Chunking Content: A Key to Learning

One failure of the traditional face-to-face lecture is that it delivers learning content in large blocks—that is, in lengthy classes of normally 50–75 minutes. As Barbara Oakley and Terrence Sejnowski (2019) note, this violates the fundamental neurology of learning. When we learn, we first put information into our working memory, which resembles RAM memory in that it is not permanent. To make it permanent, we need to move it to our long-term memory, which is akin to a hard drive. This process requires pausing to think about the information.

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One failure of the traditional face-to-face lecture is that it delivers learning content in large blocks—that is, in lengthy classes of normally 50–75 minutes. As Barbara Oakley and Terrence Sejnowski (2019) note, this violates the fundamental neurology of learning. When we learn, we first put information into our working memory, which resembles RAM memory in that it is not permanent. To make it permanent, we need to move it to our long-term memory, which is akin to a hard drive. This process requires pausing to think about the information.

But working memory can hold up to only four discrete items. If a fifth item is added, then one of the other four items needs to fall out to make room for it. If that item has not been copied to long-term memory yet, it is lost. This means that if an educational module covers more than four discrete items without pause, at most only four of them will be retained. Cover 10 items in a lecture, and students will still retain only four.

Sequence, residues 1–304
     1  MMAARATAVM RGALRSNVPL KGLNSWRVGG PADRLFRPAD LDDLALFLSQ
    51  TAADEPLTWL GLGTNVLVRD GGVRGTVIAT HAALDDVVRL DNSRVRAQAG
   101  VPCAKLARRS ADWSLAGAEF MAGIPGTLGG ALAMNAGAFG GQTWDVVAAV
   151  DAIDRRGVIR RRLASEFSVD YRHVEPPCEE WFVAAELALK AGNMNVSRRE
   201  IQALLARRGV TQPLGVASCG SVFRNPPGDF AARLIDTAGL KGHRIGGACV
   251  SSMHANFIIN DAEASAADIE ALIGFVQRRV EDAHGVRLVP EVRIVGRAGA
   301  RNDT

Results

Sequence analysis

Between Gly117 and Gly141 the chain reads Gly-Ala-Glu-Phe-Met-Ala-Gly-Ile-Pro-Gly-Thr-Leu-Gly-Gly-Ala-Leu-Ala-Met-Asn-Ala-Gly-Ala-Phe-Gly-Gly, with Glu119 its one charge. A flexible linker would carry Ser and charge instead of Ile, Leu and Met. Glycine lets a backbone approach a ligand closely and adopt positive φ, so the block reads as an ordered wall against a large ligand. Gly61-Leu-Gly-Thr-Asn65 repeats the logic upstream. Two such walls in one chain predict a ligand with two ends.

The way to overcome this limitation is to chunk learning content. Instead of presenting a one-hour video in your online course, break it into multiple short videos with interactions in between. The interactions can be as simple as multiple-choice questions. While application-type questions are preferable to simple factual retrieval questions because they require more intensive engagement with the concepts, simple factual questions will still be effective for copying information to long-term memory.

Diego Méndez-Carbajo and Scott A. Wolla (2019) recently confirmed the value of chunking by comparing student learning from short and long online modules. They used pre- and post-module tests to measure learning and found that students who were given short modules did better at all ability levels. By grouping the students into four ability levels by pre-module test scores—0–25, 26–50, 51–75, and 76–100 percent—they were able to compare the number of students who showed improvement for each group. The percentage of students who showed improvement in the four long-module groups was 88, 85, 81, and 45, while the percentage of students who showed improvement in the four short module groups was 94, 94, 98, and 79.

An earlier study by Pomales-García and Liu (2006) also found that students perceived shorter modules as less difficult than longer modules. Plus, both the earlier study and Méndez-Carbajo and Wolla’s found that students are more likely to view shorter modules in their entirety than they are longer ones. Both researchers credited the self-pacing that shorter modules foster for some of these benefits. Today’s student is used to getting information in small packets, whether as text messages or social media videos. Short modules allow students to fit the information around their schedule, which allows for pauses between different content.